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Back Pain: Early Physiotherapy Pays for Itself by Reducing Other Healthcare Spen

A new study with nearly one million people finds that early physiotherapy for everyone would largely pay for itself by reducing spending on emergency departments, advanced imaging, and other healthcare spending.

Roughly one in six Australians have back problems.1 That’s four million of us! What’s more, while the pain can come and go, two thirds of people with low back pain continue to experience pain a year after they first visited a doctor.2 You can imagine the cost burden this puts on healthcare funds.

One strategy for reducing the cost of back pain is to withhold insurance-covered treatments from patients when they first present their complaints to healthcare professionals. When this is practiced, the first visit may involve some pain pills, advice to stay active, assurance, and recommendations to take up yoga.3 The practice is called wait-and-see. If the patient returns weeks later, still in pain, then physiotherapy may be considered. Practices vary. Some healthcare providers begin active treatment right away.  One concern with wait-and-see is that patients have usually suffered for weeks before they visit a doctor. Another problem with wait-and-see is that we know physiotherapy gets better results for back pain when patients get seen within days of visiting the doctor.4 Finally, there has been little to no evidence that delaying active treatment reduces costs.  

This past December, BMC Health Services Research published a high-powered study that gives us strong evidence to answer this question. They reviewed the medical records of 980,000 patients with back pain. Their study finds that, compared to people who get physiotherapy later or not at all, people who start physiotherapy within two weeks cost about the same. Early physiotherapy is associated with a cost savings of $70 in the first 30 days and a cost increase of $78 over the course of a year. In other words, making people wait for active back pain treatment does not create meaningful savings. The people in the group not receiving early physiotherapy spent less money on physiotherapy but ended up spending more money on advanced imaging, emergency department visits, injections, surgeons, etc.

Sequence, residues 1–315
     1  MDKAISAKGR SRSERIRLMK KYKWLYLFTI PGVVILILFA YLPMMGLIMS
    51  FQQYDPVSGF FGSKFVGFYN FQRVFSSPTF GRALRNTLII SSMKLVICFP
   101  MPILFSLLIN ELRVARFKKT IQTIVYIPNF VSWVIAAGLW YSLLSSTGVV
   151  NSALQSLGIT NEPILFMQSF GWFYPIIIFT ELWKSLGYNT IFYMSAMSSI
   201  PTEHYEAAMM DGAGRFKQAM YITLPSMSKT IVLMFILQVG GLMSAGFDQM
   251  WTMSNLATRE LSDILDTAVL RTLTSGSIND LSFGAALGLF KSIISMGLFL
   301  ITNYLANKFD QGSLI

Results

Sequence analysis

1. Australian Institute of Health and Welfare 2019. Back problems. Cat. no. PHE 231. Canberra: AIHW. Viewed 22 April 2020,
  2. Costa LD, Maher CG, Hancock MJ, McAuley JH, Herbert RD, Costa LO. The prognosis of acute and persistent low-back pain: a meta-analysis. CMAJ. 2012 Aug 7;184(11):E613-24.
  3. Qaseem A, Wilt TJ, McLean RM, Forciea MA, Clinical Guidelines Committee of the American College of Physicians*. Noninvasive treatments for acute, subacute, and chronic low back pain: a clinical practice guideline from the American College of Physicians. Annals of Internal Medicine. 2017 Apr 4;166(7):514-30.
  4. Arnold E, La Barrie J, DaSilva L, Patti M, Goode A, Clewley D. The effect of timing of physical therapy for acute low back pain on health services utilization: a systematic review. Archives of Physical Medicine and Rehabilitation. 2019 Jul 1;100(7):1324-38.
  5. Marrache M, Prasad N, Margalit A, Nayar SK, Best MJ, Fritz JM, Skolasky RL. Initial presentation for acute low back pain: is early physical therapy associated with healthcare utilization and spending? A retrospective review of a National Database. BMC Health Services Research. 2022 Dec;22(1):1-9.

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